The battle is on. It’s time to pick a winner.
We met one-on-one with the top 6 to hear their pitch for the top spot.
Alyssa Farr, founder of TasteAdvisor, created a platform that delivers customer recommendation systems for the alcohol industry. We recently caught up with Alyssa to learn more about her inspiration behind the idea, her experience as an entrepreneur and her plans to go the distance.
What problem were you trying to solve when you started TasteAdvisor?
TasteAdvisor was born out of frustration in trying to find a wine that I liked in stores and at wineries around the region. It seemed like a complex problem that nobody really wanted to solve—who takes on taste? It’s so nuanced. But I really enjoy solving ecosystem problems and this was a big one. If I could do something to move the needle, for this one problem, I would be moving the industry and helping to support the Okanagan.
Why should people be excited about using TasteAdvisor?
We take the guesswork out of buying wine. We look at your personal preferences and match them to wines that fit those criteria. Our matches have accuracy greater than 80%. We wanted to take what a sommelier could do after $80,000 in training and turn it into an app. Now, you can be your own sommelier. What’s the body on that wine? What’s the sweetness? What’re the flavours? It’s like dating for wine.
Tell us about the success you’ve found already
We launched the platform in August and saw a great uptake in users. Lots of people logging in, using the recommendations, rating the wines they tried and telling us how much they enjoyed them. That was really exciting for us—considering that, without TasteAdvisor, most of the time you’re flipping a coin when you’re buying wine. Now, you can buy a wine with more confidence knowing that you’re going to like it and not risk wasting money. Taste has been this impossible thing to understand and we just think it’s a little less mysterious than it is.
What kind of expertise is your team bringing to TasteAdvisor?
I’m a systems designer— business coach by trade. I enjoy building complex solutions and looking for patterns, that’s inherently what coaching is. That’s where my experience is, I love being able to use analytics to create clarity and simplicity. To help an industry that could benefit from that mentality, I partnered with a sensory researcher, an executive coach, and a brand manager. Everyone’s owned their own company before, and so we know how to make great solutions that protect the brand.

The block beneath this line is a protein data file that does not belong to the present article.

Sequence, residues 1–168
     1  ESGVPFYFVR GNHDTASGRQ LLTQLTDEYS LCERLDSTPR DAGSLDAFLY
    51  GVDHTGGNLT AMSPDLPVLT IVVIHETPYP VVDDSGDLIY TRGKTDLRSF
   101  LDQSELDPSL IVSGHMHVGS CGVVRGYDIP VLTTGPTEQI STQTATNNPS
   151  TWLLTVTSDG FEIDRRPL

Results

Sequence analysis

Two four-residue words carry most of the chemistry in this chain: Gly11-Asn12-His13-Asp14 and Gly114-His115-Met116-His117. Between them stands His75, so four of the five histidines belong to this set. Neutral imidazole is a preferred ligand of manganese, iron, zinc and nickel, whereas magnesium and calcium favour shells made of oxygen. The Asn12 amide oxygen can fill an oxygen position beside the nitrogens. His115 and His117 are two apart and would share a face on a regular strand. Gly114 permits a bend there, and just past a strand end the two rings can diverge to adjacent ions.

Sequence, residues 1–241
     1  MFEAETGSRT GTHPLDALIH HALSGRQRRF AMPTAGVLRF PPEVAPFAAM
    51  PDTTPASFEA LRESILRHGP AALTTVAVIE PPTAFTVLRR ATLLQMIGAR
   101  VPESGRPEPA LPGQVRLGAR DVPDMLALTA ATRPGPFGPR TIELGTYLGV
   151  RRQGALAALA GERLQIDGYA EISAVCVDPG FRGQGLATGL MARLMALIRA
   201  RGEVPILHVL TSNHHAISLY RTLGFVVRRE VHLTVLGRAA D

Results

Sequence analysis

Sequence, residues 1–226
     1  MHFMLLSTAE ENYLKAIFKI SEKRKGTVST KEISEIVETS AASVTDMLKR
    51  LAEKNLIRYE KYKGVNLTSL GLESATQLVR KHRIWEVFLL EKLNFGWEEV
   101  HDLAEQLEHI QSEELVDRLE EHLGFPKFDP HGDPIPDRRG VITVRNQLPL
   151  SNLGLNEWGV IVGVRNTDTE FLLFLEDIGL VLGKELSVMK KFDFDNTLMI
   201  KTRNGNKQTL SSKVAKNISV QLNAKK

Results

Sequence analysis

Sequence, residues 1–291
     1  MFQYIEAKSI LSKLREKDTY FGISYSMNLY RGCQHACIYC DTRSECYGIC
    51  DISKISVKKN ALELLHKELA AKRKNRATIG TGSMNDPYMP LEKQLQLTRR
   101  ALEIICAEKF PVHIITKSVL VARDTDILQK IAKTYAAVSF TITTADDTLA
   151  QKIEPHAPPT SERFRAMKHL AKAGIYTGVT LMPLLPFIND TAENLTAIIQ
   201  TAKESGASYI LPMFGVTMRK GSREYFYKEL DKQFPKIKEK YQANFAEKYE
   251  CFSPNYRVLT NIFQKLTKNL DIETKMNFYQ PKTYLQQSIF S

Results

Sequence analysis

How do you see your company growing?
A year ago we had nothing. From there, we went from full product to full release, to in the market, to validation, to signing our first region—all within a year. With that one region under our belt, we’ve proven traction. Now, our goal is to get six new regions, which will make us financially stable. However, we don’t want to serve one market. We’ve already started growing our beer algorithm. Our bigger plans are to have this at liquor stores where all their stock has a percent match to it. Additionally, using data science, we’ll also be able to help retailers stock and sell more effectively.
What would the $155K investment mean for your company?
The OKGN Angel Summit investment would go entirely towards sales and driving traction. We know we can win clients and we’re excited to launch more regions and spread the solution to allow others to access it. We want to add machine learning to increase and maintain our competitive advantages by detecting changes in your pallet over time.
What has this experience taught you about the entrepreneurial journey?
I definitely recommend this for any founder, if they get the chance. Pushing yourself to get up there and pitch, pushing yourself to get exposure and feedback from other people has been really helpful in identifying how I can communicate TasteAdvisor in a clear and understandable way. If you can connect with an investor who doesn’t know your industry, your customer definitely will.
What advice would you give to entrepreneurs who want to participate next year?
I would advise them to come in with an open mind, be prepared to receive feedback, and do the work. Focus on building relationships with the partners in the room. You don’t know whether you’re going to win or not. Take the time to look for investing partners, advocates and people that want to journey with your business.